When you walk, drive, or ride the bus in Baltimore do you see homeless youth? Can you tell whether the youth you stroll past is headed to a safe, stable home, or whether she doesn’t know where she’ll lay her head tonight or find her next meal?
In an effort to educate our community about youth homelessness, the YES Valedictorians and Peer Advocate, Nyasha Dixon, produced the short film below “Invisible Homelessness: Baltimore Youth Speak Out” with assistance from students from Tania Rosas-Moreno’s class at Loyola University, Ingrid Lofgren from Homeless Persons Representation Project, and Monisha Cherayil from the Public Justice Center.
Founded and run by formerly homeless youth and their allies in 2012, the Youth Empowered Society (YES) works to end youth homelessness in Baltimore by providing urgently-needed direct services to youth experiencing homelessness, developing the leadership and employment readiness of youth who have experienced homelessness, and engaging in system-level reform.
YES carries out this work by operating Baltimore (and Maryland)’s only homeless youth drop-in center, where youth who are homeless and on their own can walk in and know they will find a safe place to meet their basic needs for food, clothing, hygiene products, laundry, storage, computer and phone usage; and receive mail, clean up, rest, and participate in fun and skill-building activities. The YES Drop-In Center serves the more than 640 youth who are homeless at any given point in time in Baltimore City.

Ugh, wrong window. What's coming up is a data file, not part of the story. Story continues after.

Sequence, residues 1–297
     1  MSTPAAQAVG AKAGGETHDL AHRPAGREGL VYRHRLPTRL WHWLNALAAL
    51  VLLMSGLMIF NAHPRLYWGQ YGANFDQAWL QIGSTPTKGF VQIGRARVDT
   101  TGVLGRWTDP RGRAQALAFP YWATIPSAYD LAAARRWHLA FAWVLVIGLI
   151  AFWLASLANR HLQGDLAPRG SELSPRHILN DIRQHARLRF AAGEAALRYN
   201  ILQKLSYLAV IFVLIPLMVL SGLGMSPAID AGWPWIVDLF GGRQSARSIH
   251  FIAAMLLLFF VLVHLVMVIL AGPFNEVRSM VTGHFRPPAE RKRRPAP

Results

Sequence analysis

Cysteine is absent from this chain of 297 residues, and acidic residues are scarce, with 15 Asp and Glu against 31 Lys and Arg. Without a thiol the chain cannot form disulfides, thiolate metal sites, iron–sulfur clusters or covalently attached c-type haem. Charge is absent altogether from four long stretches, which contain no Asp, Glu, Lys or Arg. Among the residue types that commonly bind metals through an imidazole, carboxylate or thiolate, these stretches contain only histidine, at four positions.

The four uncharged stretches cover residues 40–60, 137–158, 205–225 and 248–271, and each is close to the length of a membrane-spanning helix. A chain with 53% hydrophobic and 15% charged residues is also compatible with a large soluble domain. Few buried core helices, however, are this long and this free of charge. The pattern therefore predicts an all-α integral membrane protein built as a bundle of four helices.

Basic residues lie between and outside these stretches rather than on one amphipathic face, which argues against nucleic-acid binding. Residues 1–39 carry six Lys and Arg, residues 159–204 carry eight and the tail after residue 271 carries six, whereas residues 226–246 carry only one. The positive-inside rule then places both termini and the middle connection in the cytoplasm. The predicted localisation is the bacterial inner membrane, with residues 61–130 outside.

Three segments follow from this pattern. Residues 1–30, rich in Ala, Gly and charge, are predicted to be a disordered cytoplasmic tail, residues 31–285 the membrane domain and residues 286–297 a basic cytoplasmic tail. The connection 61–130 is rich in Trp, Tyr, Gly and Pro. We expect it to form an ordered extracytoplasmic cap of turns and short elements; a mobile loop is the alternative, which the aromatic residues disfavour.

YES offers something that few others can—the friendship and supportive relationships that youth clients establish with peer and allied staff, and health and legal practitioners who help them connect to vital resources. Through these relationships, we are, one-by-one, empowering young people to help us end youth homelessness in Baltimore.